Involvement of Gr-1dull+ Cells in the Production of TNF-α and IL-17 and Exacerbated Systemic Inflammatory Response Caused by Lipopolysaccharide
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Systemic inflammatory response syndrome (SIRS) is a life-threatening disease. Recent reports have demonstrated that the immunoregulatory cells that express Gr-1, a granulocyte surface antigen, play a critical role in various pathological conditions. In the present study, we have established a mouse model of SIRS and addressed the possible contribution of Gr-1+ cells in this model. C57BL/6 mice were injected intraperitoneally with anti-Gr-1 mAb or control IgG 1 day before administration of lipopolysaccharide (LPS). All of the mice that received anti-Gr-1 mAb and LPS died early as a result of hypothermia and severe emaciation, whereas mice treated with control IgG and LPS survived the observation period. In mice treated with anti-Gr-1 mAb and LPS, acute inflammatory changes with alveolar hemorrhage were observed in the lung and proximal convoluted tubule necrosis was observed in the kidney. Serum TNF-α and IL-17A levels were markedly increased in anti-Gr-1 mAb-pretreated mice compared with those in control IgG-treated mice at 1 and 3 h after LPS administration, respectively. Flow cytometric analysis revealed an increase in TNF-α and IL-17A expression in Gr-1dull+ cells in the peripheral blood mononuclear cells. Neutralization of TNF-α by a specific mAb almost completely reversed the clinical course and inhibited the increased production of IL-17A. In addition, IL-17A KO mice were less susceptible to the lethality in this model. Thus, we established a mouse model of severe SIRS and suggested that Gr-1dull+ cells may play a critical role in the development of this pathological condition.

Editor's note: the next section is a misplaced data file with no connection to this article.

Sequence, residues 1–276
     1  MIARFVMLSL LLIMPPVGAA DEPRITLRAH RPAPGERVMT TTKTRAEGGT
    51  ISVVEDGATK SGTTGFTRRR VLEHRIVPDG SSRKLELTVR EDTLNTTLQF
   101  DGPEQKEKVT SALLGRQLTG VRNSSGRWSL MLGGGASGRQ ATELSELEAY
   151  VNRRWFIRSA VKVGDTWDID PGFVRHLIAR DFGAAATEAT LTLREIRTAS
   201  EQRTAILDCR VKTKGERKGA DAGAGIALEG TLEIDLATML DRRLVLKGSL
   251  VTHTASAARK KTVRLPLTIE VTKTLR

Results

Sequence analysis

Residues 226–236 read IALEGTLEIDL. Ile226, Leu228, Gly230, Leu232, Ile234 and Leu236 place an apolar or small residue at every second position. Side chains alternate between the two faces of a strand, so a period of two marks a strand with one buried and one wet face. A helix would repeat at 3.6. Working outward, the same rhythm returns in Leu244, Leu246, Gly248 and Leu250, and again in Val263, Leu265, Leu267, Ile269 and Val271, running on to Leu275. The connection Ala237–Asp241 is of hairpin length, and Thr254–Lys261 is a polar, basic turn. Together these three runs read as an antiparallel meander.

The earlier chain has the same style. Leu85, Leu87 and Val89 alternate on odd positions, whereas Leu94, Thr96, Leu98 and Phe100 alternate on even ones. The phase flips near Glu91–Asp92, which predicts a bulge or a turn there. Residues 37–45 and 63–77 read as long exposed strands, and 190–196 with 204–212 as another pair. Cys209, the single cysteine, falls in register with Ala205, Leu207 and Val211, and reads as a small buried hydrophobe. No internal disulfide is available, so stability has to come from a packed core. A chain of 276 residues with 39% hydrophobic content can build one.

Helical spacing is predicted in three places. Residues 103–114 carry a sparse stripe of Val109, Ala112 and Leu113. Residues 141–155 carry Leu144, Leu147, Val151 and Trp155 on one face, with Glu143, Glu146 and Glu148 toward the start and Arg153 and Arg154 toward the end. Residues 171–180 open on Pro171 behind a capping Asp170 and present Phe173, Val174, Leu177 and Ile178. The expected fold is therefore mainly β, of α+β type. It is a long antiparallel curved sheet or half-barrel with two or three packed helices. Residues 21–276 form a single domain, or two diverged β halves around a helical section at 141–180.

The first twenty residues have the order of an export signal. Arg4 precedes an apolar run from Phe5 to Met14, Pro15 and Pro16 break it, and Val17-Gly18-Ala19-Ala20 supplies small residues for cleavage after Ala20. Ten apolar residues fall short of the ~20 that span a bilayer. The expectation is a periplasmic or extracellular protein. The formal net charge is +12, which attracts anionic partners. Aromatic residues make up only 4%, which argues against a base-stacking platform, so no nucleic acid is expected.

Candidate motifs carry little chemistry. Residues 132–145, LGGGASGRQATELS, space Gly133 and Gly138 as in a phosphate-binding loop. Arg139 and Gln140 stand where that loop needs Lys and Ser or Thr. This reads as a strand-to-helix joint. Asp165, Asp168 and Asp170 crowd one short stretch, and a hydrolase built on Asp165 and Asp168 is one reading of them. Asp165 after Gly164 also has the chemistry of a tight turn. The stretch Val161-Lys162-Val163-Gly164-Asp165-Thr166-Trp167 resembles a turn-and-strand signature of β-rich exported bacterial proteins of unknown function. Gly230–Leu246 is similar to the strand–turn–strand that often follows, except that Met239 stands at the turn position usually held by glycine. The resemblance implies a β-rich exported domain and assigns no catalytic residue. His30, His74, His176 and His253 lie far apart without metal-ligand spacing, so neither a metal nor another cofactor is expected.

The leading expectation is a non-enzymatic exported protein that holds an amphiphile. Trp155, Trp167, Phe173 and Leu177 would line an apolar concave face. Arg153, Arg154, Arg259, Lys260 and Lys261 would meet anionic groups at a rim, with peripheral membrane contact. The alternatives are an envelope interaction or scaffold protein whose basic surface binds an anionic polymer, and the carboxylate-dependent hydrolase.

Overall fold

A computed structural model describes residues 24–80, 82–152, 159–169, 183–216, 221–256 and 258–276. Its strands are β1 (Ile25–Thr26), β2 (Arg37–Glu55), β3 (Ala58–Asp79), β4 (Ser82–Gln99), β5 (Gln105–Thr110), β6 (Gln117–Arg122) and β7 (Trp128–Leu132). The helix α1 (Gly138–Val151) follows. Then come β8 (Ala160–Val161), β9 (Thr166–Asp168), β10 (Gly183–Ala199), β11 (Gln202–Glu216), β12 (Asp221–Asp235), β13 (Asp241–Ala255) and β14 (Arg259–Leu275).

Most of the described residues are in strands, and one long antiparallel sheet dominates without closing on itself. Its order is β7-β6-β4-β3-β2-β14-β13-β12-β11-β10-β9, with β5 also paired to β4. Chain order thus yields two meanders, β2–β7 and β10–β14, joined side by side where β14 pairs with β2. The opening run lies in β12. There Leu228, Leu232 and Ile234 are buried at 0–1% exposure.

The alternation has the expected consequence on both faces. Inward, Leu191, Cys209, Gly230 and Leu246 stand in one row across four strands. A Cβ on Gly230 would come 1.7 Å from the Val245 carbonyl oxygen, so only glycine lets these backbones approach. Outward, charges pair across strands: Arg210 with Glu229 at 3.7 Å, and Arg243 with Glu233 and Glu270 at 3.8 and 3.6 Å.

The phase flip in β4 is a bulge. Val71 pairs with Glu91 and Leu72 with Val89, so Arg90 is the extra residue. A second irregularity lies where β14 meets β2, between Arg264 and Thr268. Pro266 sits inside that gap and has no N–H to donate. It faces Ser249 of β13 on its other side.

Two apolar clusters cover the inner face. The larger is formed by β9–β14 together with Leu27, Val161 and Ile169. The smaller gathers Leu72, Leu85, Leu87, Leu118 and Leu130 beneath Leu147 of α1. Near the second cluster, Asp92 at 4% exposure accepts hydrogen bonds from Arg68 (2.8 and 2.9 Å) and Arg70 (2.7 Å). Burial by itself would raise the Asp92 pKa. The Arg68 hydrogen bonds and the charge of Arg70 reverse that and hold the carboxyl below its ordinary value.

KEY WORDSSystemic inflammatory response syndrome (SIRS) Gr-1 Lipopolysaccharide Mice
The authors thank Dr. Fujiro Sendo (Yamagata University, Yamagata, Japan) and Dr. Akio Nakane (Hirosaki University Graduate School of Medicine, Hirosaki, Japan) for their kind gifts of anti-Gr-1 mAb and anti-TNF-α mAb, respectively. This work was supported in part by a Grant from the Ministry of Education, Culture, Sports, Science and Technology (Grant-in-Aid for Challenging Exploratory Research (23659841)) and a Grant from the Ministry of Health, Labor and Welfare of Japan (Research on Emerging and Re-emerging Infectious Diseases; 22-SHINKOU-IPPAN-014).
Conflict of interest
The authors declare that they have no financial conflicts of interest.
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